To investigate the dynamics of the breeding arctic fox population, we used two different data sets. First, to describe the long-term dynamics based on systematic field surveys of arctic fox in Fennoscandia on a national level, we used national long-term data sets with yearly number of litters from 1982 to 2011 (Table 1, Fig. 2). Secondly, to estimate effects of management actions in conjunction with the rodent cycle phases, we used regional data sets from 10 of 13 geographical regions surveyed from 2000 to 2011 (Table 1). The three excluded regions were in Finland where arctic foxes were functionally extinct during the study period, but surveys were carried out to monitor potential reestablishment. The number of arctic fox litters was based on summer inventories of known arctic fox dens during July and August. These are all established field methods used for 40 years (e.g. Angerbjörn et al. 1995; Kaikusalo & Angerbjörn 1995; Herfindal et al. 2010). Dens were screened for signs of fox activity (e.g. faeces, runways in the grass, smell). For the regional data set, we observed active dens for c. 24 h or until arctic fox cubs were observed, to define the breeding status. In Finland, visual observations were complemented with DNA analysis of scats (following Dalén et al. 2006) in order to evaluate the presence of arctic foxes even though no litters were found. In some regions, we also surveyed active den sites in late winter where a den was considered active if it had open entrances in the snow and if the fox species could be identified by visual observation, remote cameras, tracks or DNA analysis of faeces.

Table 1. Description of study areas and management actions. Area is defined by the outline between the den sites, Known dens is number of primary arctic fox dens, Natal dens is number of dens used for reproduction at least once during the monitoring period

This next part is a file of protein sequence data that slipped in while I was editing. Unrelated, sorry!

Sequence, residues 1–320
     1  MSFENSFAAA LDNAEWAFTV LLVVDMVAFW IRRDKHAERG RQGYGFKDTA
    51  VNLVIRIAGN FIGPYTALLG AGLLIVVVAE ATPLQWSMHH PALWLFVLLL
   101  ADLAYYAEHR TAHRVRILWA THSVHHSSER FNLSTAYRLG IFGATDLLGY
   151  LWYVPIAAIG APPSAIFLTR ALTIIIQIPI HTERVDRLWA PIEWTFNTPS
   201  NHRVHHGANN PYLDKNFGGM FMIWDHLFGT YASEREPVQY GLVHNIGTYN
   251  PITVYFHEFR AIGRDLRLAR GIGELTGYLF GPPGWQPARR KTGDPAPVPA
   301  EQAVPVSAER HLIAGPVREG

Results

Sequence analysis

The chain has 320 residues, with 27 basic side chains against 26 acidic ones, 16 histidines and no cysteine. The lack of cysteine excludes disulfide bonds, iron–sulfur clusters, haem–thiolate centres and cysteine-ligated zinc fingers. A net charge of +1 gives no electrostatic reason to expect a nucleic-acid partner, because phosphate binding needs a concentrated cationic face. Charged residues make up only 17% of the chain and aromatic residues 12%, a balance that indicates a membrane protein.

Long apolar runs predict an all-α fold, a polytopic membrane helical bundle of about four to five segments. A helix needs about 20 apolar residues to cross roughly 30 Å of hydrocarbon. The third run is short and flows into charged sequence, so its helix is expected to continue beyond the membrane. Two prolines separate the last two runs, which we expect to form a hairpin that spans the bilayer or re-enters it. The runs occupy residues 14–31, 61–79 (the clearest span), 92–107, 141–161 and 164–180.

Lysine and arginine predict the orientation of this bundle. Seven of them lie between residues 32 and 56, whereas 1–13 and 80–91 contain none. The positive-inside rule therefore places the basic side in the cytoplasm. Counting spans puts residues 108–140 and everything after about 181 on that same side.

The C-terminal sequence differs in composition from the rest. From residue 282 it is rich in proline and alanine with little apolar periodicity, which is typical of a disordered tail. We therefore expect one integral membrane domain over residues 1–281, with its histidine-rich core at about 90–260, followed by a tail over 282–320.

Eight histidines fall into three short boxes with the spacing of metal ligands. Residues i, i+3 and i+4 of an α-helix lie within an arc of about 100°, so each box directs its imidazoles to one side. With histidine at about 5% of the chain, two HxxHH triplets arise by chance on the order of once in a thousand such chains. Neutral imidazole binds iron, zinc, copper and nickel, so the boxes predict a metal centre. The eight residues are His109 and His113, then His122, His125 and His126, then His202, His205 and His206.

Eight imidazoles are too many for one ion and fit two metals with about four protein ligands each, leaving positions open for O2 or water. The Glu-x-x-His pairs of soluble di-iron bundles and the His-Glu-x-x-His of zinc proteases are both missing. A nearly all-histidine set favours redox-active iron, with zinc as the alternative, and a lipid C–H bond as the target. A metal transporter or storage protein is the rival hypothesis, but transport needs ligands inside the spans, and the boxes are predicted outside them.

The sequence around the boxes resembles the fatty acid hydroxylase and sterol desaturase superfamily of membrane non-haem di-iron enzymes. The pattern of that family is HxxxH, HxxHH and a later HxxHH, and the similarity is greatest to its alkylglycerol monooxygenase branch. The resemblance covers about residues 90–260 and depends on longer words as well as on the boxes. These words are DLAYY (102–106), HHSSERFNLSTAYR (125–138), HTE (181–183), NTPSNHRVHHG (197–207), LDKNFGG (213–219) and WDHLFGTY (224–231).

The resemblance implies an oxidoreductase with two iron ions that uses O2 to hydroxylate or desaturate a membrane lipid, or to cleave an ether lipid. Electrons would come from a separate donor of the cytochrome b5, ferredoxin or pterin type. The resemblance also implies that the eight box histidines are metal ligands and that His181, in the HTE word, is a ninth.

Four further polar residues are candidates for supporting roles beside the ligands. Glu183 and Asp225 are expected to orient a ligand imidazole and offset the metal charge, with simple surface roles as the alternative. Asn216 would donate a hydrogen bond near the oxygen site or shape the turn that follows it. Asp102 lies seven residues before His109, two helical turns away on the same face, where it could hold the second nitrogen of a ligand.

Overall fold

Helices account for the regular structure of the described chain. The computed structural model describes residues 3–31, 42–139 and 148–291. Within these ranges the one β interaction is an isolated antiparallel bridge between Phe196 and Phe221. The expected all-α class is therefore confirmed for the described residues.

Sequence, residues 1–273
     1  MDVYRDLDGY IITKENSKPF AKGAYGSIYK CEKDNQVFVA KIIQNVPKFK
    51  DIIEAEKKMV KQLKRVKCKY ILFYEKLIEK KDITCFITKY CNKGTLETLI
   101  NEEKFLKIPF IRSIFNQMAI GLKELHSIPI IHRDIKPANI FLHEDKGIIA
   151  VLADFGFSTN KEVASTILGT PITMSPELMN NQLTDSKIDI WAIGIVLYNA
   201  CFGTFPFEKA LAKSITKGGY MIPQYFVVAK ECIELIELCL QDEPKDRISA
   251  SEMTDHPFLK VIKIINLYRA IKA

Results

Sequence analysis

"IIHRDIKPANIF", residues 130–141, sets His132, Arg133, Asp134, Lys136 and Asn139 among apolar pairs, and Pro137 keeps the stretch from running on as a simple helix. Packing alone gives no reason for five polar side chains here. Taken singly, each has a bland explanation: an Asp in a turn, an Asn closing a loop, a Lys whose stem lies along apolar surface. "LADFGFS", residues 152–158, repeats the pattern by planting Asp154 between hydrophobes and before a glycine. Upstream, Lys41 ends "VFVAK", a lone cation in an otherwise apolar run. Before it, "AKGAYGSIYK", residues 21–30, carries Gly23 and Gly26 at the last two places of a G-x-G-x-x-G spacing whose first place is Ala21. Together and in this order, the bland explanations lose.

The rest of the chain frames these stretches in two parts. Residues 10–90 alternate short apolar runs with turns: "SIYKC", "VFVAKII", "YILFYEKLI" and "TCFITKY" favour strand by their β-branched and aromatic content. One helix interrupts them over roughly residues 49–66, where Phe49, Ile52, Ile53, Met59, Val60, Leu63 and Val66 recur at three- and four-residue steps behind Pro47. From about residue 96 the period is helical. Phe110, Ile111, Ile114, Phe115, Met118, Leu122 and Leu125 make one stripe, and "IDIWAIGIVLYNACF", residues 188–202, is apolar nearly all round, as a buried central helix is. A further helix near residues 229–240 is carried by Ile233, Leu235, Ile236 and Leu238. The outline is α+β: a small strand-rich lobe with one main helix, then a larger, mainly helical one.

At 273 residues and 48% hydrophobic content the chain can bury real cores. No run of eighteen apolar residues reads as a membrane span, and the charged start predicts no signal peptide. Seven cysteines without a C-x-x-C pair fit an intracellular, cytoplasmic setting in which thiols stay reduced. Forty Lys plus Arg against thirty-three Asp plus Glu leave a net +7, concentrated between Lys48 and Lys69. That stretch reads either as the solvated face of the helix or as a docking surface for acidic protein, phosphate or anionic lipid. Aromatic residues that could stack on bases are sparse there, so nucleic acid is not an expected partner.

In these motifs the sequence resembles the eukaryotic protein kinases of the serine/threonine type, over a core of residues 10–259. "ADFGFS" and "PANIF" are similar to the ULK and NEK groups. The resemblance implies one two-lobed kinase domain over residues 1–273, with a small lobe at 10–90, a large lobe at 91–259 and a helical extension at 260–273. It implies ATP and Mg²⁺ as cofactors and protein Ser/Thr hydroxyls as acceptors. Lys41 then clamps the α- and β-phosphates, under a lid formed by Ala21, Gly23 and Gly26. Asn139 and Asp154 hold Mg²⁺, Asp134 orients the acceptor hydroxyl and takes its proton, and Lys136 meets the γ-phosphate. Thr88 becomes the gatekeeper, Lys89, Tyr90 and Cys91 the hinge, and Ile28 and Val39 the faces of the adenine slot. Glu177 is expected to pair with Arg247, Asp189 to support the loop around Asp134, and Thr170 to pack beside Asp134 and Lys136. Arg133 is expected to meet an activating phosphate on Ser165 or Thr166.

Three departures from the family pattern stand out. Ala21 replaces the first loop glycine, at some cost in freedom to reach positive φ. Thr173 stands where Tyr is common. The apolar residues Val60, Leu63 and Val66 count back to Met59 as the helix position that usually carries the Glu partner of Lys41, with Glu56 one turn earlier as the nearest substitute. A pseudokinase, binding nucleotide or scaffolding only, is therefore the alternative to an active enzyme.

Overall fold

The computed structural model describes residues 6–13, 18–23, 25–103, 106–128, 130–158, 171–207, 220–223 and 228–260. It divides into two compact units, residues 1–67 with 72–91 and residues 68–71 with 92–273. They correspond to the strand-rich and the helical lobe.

RegionCountryArea (km2)Known densNatal dens 1980–2011Average no. culled red foxes (range)Start of actionsAverage no. of fed dens (range)
Børgefjell NONorway11393017No actionNo action
Indre TromsNorway1320256No actionNo action
SaltfjelletNorway1539499No action1 (0–1)
VarangerNorway167533692 (0–158)2005No action
Borgafjäll SESweden1676452519 (0–32)200011 (3–22)
HelagsSweden1920682635 (0–86)199913·5 (0–25)
PadjelantaSweden19844813No actionNo action
RoustoSweden244849103 (0–12)Scattered2 (0–9)
SitasSweden16802361·5 (0–6)Scattered1 (0–6)
VindelfjällenSweden2205115337 (0–45)Scattered3 (0–10)
KäsivarsiFinland93748 10 (0–36)1999No action
PöyrisjärviFinland63016138 (16–61)1999No action
UtsjokiFinland205057282 (43–190)1999No action

Small rodents were systematically snap-trapped each summer in five regions (Henttonen & Kaikusalo 1993; Framstad 2011; Ims, Yoccoz & Killengreen 2011). In an additional four regions, snap-trapping was carried out in some summers. For years and regions where trapping was not carried out, we approximated the rodent phase from nearest trapping region (always <200 km away), that is, close enough to assume similarity given the scale of synchrony of Fennoscandian rodent cycles (Henden et al. 2009; Elmhagen et al. 2011). We used the between-summers pattern of changes in the number of rodents trapped per 100 trap-nights (trap-index) to classify rodent abundance in each region into four phases. (1) low phase (following a peak or decline, trap-index: 0·07 ± 0·17, N = 21); (2) increase phase (increasing rodent density between low and peak phase, trap-index: 2·03 ± 1·28, N = 7); (3) peak phase (highest abundance of small rodents, trap-index 8·07 ± 8·36, N = 24); and (4) decline phase (drastic decline after a peak or increase, trap-index: 0·40 ± 0·48, N = 15). We used this classification in the analyses rather than raw data on lemming abundance because differences in trapping design did not allow for direct quantitative comparisons. In the 2000s, the small rodent cycle was dominated by a 3-year period, where the low phase was followed by an increase phase (Hörnfeldt 2004; Elmhagen et al. 2011), that is, we had phases 1, 2 and 4. Note that the rodent cycle is somewhat different from the fox cycle, especially in the decline phase, because high food availability during winter causes many arctic foxes to reproduce although 90% of the cubs die of starvation during summer (Meijer et al. 2008).